Bioluminescent Optogenetics Lab

Neuronal activity in generating and alleviating neurological and psychiatric conditions

Flatlining and epileptic seizures are at the opposite ends of the spectrum of neuronal activity. From the developing to the aging organism, activities in-between those extremes determine the function and dysfunction of the brain. We are studying selected examples of neuronal activity driving developing circuits towards psychiatric disorders (schizophrenia, autism), alleviating declining functions in neurodegenerative diseases (Parkinson, Huntington), and regenerating injured circuits (spinal cord injury). Through exploring the effects of experimentally manipulated neuronal activity at the molecular, cellular, and behavioral levels we hope to contribute to elucidating the pathophysiological mechanisms of brain disorders as well as to developing potential therapies.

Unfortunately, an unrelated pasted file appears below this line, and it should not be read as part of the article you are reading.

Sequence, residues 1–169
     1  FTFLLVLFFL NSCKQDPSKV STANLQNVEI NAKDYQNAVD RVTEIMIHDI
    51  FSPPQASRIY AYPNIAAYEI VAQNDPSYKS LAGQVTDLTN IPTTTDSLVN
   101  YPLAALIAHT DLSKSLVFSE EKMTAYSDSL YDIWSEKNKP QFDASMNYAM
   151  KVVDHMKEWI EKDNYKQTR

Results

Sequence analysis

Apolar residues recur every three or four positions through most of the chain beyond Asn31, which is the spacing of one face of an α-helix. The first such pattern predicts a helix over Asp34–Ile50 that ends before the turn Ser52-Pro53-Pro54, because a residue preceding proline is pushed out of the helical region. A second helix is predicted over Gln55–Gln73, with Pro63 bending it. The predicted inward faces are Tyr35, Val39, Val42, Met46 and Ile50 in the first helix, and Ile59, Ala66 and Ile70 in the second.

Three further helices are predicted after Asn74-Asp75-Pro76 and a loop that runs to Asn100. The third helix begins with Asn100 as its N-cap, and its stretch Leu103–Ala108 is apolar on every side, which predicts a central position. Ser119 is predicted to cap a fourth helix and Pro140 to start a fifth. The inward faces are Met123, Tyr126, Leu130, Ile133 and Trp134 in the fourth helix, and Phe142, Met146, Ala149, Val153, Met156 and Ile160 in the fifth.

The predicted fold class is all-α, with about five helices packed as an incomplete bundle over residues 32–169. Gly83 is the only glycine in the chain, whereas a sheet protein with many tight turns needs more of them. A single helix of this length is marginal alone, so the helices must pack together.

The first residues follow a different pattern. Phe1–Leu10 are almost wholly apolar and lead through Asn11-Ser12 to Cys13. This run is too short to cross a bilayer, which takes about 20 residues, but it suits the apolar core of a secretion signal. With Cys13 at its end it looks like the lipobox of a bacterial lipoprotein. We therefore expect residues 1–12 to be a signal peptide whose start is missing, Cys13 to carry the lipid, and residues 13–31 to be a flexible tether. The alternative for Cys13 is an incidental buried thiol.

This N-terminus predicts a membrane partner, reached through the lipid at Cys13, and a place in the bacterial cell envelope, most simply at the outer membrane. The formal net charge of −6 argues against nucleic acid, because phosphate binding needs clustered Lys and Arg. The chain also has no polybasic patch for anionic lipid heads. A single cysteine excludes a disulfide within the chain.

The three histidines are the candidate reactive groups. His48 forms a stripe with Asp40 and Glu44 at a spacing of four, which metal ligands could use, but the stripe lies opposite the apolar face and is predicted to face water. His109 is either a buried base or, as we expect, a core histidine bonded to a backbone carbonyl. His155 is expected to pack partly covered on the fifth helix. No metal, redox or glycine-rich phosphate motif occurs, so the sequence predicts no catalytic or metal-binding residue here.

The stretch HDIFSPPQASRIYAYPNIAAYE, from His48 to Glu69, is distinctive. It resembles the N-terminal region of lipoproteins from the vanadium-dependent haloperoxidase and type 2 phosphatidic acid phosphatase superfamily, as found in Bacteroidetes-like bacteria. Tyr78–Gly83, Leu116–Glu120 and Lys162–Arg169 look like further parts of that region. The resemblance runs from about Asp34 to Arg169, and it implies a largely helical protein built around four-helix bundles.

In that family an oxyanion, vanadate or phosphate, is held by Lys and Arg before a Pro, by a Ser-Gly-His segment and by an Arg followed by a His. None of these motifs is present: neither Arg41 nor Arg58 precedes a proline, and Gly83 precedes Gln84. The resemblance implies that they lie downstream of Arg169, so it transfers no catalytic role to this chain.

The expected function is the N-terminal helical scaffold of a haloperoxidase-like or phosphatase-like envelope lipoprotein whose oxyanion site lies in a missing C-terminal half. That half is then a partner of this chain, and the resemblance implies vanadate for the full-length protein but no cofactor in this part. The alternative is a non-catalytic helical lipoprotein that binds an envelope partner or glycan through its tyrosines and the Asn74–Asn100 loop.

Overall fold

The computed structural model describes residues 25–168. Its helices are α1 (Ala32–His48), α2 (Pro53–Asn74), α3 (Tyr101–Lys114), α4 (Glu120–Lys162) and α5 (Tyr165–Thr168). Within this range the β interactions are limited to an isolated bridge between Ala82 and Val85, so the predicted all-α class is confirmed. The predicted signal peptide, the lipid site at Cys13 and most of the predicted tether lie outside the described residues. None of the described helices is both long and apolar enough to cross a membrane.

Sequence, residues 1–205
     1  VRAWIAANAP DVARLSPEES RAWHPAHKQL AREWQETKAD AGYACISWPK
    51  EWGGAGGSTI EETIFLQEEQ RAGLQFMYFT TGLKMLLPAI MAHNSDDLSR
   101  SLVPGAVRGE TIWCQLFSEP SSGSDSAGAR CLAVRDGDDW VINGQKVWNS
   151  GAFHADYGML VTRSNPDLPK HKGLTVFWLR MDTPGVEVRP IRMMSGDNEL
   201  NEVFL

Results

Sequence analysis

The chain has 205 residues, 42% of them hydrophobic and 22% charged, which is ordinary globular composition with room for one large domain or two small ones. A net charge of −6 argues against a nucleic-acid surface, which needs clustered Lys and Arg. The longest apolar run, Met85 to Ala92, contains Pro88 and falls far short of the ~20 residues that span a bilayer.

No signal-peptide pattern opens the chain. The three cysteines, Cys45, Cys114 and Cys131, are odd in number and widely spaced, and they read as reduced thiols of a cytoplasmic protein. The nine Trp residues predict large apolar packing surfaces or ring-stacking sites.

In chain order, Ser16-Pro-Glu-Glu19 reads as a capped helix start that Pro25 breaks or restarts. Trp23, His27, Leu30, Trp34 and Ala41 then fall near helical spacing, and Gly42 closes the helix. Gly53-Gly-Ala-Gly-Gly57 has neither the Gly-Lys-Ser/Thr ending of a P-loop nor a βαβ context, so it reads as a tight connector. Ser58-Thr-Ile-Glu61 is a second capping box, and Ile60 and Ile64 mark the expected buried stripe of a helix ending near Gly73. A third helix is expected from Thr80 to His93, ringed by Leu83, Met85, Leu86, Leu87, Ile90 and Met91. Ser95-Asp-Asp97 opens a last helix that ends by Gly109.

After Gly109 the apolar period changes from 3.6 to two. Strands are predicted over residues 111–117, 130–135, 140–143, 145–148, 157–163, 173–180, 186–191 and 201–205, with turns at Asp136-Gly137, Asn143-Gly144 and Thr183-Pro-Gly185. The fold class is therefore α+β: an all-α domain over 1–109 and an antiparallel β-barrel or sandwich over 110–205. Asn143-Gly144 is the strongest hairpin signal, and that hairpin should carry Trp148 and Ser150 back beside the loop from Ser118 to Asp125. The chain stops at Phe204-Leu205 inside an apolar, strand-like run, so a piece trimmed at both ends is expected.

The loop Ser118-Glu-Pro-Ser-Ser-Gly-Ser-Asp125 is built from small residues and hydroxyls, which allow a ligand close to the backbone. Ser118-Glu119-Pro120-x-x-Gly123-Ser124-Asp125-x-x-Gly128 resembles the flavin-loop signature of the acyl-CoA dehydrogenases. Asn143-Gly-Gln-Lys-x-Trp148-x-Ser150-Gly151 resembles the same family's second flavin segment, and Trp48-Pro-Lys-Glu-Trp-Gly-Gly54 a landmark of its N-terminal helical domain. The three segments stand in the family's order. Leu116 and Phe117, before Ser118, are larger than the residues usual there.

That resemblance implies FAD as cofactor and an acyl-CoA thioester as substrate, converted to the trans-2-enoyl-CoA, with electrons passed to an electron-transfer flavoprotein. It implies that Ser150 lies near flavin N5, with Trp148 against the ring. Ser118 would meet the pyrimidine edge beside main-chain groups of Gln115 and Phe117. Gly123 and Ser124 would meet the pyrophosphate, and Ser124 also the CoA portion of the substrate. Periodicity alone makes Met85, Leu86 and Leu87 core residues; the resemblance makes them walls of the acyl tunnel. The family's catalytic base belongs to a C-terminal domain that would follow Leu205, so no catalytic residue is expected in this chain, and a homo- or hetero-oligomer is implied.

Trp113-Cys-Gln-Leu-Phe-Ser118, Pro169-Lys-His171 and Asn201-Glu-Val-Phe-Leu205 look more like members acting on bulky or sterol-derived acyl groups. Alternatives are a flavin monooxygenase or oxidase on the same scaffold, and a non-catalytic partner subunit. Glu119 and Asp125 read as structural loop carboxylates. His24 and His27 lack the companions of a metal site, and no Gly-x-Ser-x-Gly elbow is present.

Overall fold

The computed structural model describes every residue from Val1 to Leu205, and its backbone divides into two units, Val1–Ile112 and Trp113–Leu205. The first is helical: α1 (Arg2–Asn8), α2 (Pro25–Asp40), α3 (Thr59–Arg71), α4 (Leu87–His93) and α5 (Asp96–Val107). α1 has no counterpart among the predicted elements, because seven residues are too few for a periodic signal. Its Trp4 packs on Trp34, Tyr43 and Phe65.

A central component of our activities is the development of the technologies that allow us to carry out the above described studies. Specifically, we are further advancing the concept of using biological light, i.e. a light-generating protein (luciferase), to activate light-sensing photoreceptors (ion moving opsins and non-ion moving photoswitches).

For more information about the advancement of novel and powerful bioluminescent tools, visit The Bioluminescence Hub.

We are using a wide range of approaches and technologies for these studies, including molecular engineering, generation of viral vectors, cell culture work, multi electrode recordings in vitro and in vivo, and behavioral analysis.

Interested in joining?

Undergraduate and graduate students, post-baccalaureate and post-doctoral fellows: please contact Ute Hochgeschwender.